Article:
The urge to believe there is a magic formula for success, and that it can be deduced from studying past hits, is powerful. Strategic Communications Group CEO Mark Hausman believes he has distilled The 3 Hallmarks of Exceptional Content. Columnist Marcel Williams is convinced he knows The Essential Features of a Hit Record. Their two cents on the subject may be worth a nickel, but as Yogi Berra observed, “a nickel ain’t worth a dime anymore.”
These checklists, while almost intuitively obvious and rightly containing features correlated with past successes, fail immediately as predictors of the future by being neither necessary nor sufficient. Their authors cannot prove that all the characteristics are necessary for success; i.e. eliminating any one of them will guarantee failure. (Mr Williams even admits as much.) Nor can they prove that their list is sufficient for success; i.e. a work possessing all these characteristics may still be a failure for lacking other elements.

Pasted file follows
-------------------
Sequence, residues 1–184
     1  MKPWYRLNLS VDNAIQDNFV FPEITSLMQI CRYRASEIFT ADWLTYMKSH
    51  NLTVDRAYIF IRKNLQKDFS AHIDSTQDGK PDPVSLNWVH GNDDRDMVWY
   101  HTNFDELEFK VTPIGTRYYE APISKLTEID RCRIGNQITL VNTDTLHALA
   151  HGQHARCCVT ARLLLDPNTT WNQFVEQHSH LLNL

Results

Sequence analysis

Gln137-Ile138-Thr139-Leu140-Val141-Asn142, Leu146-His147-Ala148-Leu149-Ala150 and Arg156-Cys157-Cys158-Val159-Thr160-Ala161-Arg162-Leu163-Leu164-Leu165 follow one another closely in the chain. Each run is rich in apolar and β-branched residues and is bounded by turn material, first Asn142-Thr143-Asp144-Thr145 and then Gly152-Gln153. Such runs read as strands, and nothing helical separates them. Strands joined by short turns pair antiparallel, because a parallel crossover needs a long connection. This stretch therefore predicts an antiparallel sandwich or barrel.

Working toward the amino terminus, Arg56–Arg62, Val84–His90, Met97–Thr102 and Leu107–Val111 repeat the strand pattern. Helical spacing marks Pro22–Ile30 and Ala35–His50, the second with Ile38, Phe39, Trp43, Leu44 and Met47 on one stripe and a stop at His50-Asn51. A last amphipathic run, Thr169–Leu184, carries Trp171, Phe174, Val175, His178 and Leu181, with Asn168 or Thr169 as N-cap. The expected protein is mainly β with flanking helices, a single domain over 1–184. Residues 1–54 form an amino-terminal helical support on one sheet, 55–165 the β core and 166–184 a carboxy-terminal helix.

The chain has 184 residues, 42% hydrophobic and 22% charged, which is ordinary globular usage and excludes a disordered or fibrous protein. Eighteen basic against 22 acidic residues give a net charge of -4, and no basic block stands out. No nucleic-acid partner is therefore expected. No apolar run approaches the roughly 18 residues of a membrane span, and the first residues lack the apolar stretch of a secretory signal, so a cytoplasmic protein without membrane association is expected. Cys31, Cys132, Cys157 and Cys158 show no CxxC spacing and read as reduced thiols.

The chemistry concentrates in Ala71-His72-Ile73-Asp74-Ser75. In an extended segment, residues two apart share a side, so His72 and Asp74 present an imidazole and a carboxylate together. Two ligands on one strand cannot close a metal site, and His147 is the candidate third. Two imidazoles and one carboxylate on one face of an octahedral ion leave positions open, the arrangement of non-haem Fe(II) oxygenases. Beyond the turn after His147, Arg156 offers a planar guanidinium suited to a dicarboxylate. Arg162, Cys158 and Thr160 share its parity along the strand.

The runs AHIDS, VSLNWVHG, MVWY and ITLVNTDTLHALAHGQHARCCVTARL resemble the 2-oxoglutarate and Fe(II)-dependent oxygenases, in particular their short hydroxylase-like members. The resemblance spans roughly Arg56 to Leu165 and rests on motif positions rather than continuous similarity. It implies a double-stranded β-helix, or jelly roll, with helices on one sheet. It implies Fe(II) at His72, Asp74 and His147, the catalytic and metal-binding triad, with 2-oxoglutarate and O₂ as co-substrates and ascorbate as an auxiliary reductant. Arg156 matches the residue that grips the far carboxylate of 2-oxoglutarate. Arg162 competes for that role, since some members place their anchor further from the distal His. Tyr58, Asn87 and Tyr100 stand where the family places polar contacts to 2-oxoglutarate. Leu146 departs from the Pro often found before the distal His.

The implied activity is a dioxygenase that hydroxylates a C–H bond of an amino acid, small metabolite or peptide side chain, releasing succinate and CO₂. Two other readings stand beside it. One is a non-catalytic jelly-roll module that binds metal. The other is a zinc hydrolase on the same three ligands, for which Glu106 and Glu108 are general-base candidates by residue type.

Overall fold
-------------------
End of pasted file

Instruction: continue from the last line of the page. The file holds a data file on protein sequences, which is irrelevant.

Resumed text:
The lists highlight statistical regularities—good for documenting the past, lousy for predicting the future. In The Financial Regulators’ Dilemma economist Edwin G. Dolan illustrates how statistical regularities do not always reflect causal relationships using the so-called Nickels Paradox:
Suppose the Federal Reserve observes a strong past correlation between the number of nickels issued by the U.S. mint and the rate of inflation. Does that mean restricting the issue of nickels would be a sufficient instrument to control inflation? Of course not—not if pennies, dimes, bank balances, and money in all other forms were issued in the same quantities as before. All that would happen is that the previously observed correlation of nickels with inflation would disappear.
How does the Nickels Paradox apply here? Suppose all music producers take Mr. Williams advice to heart, and 100% of future tracks can be characterized by: catchiness, timeliness, a strong vocal, and accomplished performance. There would still be only 100 releases on The Billboard Hot 100 in a given week, and the vagaries of public taste would still decide who gets there. Or, taking Mr. Hausman at his word, suppose all future web content has: a unique perspective, great “get” and/or brilliantly constructed prose. All that would happen is these would cease being differentiating features in attracting readership.
Don’t stop critiquing your past work, learning from others, applying rigor and discipline, or nurturing creativity in your quest for greatness. Just don’t mistake performance metrics for predictive ones. And use that advice for what it’s worth.